nope fglrx still refuses to build (in Maverick beta), I did find a patched version which built but apparently did the same as your nVidia drivers… command line login.

So I’ve gone back to 2.6.35 kernel, as the radeon drivers seemed faster but I’ll give it another go tonight.

Mmm, I’m using a 5-year old PH1 with an AMD 3500+ / 2G Ram (onboard NVIDIA) for testing … just stuck a 23" Samsung widescreen @ 1920x1200 on it … makes for a very capable workstation … with Maverick / 2.6.31 kernel, overall I’m very happy with the performance, glxgears is giving close to 2000 fps. (10k frames over 5s)

On the AMD Turion X2 lappy the radeon graphics were VERY sluggish till I booted back to 2.6.35… probably easily fixable, but couldn’t really be bothered, it needs a new hard drive… on order… so it was only an experiment as a reinstall is shortly going to be needed… I’ll have another go after the re-install but will probably go with 10.04 with Karmic kernel unless they’ve fixed the Maverick fglrx issue by then.

Mmm, must admit I’ve always been disappointed with ATI and tend to stick with NVIDIA … the fact that XBOX use NVIDIA chips speaks volumes IMHO … :wink:

New range of NVIDIA graphics cards looks interesting, looks to be the same model, just with a varying number of GPU cores (!)

Laptop, so kinda stuck with ATI… and I didn’t trust nVidia IGP’s (integrated graphics processors) at the time, I saw too many of them fail with a known defect… which is why you still see a distinct lack of nVidia IGP’s in laptops… manufacturers still don’t trust them.

See here for info:



nVidia tried to cover it up, so I’m non too pleased with them, even though they do the best cards for Linux.

BIG difference between buying a new graphics card and buying a new laptop motherboard., which would cost about the same as a new laptop, and still have the same IGP with the same defect.

I’ve got a Compaq laptop in front of me right now with a suspect nVidia failure… so far that makes 14 I’ve come across that have died between 12 and 18 months of being bought, and on the whole I don’t do laptops… not clever nVidia, stop blaming everyone else, admit responsibility, and stop gagging the PC manufacturers. >:(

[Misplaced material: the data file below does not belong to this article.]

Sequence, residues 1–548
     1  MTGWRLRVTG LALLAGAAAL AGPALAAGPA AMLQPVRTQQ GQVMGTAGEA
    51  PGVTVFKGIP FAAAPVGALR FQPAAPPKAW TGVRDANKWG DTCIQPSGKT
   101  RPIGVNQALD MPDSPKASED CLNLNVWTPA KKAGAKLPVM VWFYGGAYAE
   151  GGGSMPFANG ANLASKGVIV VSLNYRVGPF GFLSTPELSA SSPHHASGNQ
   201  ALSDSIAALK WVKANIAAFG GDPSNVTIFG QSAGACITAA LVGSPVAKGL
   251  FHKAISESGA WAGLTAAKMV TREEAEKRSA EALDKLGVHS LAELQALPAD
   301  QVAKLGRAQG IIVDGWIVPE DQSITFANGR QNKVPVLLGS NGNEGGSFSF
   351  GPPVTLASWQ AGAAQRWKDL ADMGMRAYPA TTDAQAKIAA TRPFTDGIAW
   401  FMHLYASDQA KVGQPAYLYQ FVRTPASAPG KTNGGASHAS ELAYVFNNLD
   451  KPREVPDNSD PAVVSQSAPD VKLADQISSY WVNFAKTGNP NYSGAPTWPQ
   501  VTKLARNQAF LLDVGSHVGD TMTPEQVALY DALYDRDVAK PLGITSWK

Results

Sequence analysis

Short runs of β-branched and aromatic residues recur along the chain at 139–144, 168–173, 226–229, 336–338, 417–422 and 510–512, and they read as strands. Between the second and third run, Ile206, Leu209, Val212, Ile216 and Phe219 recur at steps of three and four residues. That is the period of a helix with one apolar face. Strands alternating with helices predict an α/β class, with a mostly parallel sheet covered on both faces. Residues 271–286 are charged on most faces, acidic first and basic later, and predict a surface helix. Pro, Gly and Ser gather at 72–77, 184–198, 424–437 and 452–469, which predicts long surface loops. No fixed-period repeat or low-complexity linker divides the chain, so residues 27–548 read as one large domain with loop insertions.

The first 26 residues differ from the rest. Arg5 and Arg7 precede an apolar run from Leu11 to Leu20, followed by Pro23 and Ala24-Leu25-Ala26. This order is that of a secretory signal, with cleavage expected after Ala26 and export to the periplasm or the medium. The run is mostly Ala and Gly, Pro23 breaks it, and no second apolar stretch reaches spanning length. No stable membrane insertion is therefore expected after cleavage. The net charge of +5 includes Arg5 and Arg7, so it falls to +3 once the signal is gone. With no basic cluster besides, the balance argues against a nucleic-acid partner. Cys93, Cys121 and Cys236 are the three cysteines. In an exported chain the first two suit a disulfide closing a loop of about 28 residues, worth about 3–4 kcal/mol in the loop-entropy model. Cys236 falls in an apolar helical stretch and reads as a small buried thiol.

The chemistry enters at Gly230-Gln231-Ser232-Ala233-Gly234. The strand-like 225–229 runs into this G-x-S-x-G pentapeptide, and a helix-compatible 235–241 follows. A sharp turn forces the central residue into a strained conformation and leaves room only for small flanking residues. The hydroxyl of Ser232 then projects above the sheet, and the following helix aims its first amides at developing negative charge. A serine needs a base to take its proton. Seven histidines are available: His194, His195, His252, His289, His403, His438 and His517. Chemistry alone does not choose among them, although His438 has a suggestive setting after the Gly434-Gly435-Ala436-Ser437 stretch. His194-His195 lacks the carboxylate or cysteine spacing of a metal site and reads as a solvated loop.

:slight_smile: I don’t tend to do laptops either, my machine is an NEC bought in 2004 … 1.6G celeron, still performs relatively respectably … :slight_smile:

Ok, bit of a revelation … the reason I was having an exceptional level of performance degradation with 10.x was something to so with the X server and Xinerama. It looks like NVIDIA have broken Xinerama support in their driver somehow … I’m running the stock 10.10 kernel now on two screens with Xinerama turned off and performance is ‘acceptable’. I’m still seeing silly load averages, but it doesn’t appear to be hitting performance anything like as hard - maybe 10-15%. However, I’m seeing a 20% drop in graphics performance (glxgears) over 9.x, which is a bit of a step in the wrong direction.

It would be nice if I could get fglrx to build AT ALL in Maverick… If Canonical don’t pull there finger out soon (okay, I know it’s a beta), I’ll be tempted to try the Linux Mint Debian Edition.

If I use the Karmic kernel (in Maverick), the “radeon” drivers are unusable… way too slow… and fglrx still won’t build.

That said, Lucid is now fine with the Karmic kernel and fglrx. :slight_smile:

Looks like they have sorted Maverick’s fglrx/xorg 1.9 ABI, compatibility and build issues:


I haven’t tried the new fglrx/amdcccle/modalaises yet, so can’t say for sure… I went back to Lucid… but I’ll try Maverick again over the weekend and let you know… fingers crossed.

Mmm, I’m on Maverick and it’s sort of Ok, (NVIDIA) but there’s one problem that’s killing me at the moment … scroll a windows in a gnome terminal (think tar xvfz, unzip etc … ) and the X system pretty much grinds to a halt. They’ve obviously got some sort of driver problem that relates to whatever text windows do for scrolling … scrolling on Chrome is fine …